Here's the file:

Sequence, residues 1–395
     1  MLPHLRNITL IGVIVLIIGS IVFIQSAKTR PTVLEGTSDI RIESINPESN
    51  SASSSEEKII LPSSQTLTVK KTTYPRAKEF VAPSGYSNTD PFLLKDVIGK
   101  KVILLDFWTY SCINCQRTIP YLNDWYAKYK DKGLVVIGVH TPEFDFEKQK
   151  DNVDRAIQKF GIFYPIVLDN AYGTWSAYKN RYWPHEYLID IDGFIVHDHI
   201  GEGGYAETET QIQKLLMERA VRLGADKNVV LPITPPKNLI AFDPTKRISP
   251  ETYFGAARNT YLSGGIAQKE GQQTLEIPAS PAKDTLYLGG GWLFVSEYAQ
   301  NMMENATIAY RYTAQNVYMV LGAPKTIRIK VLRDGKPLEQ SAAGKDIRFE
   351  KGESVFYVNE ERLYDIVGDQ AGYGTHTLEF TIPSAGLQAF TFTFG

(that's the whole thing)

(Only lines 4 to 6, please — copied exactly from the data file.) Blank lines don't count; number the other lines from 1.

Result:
   101  KVILLDFWTY SCINCQRTIP YLNDWYAKYK DKGLVVIGVH TPEFDFEKQK
   151  DNVDRAIQKF GIFYPIVLDN AYGTWSAYKN RYWPHEYLID IDGFIVHDHI
   201  GEGGYAETET QIQKLLMERA VRLGADKNVV LPITPPKNLI AFDPTKRISP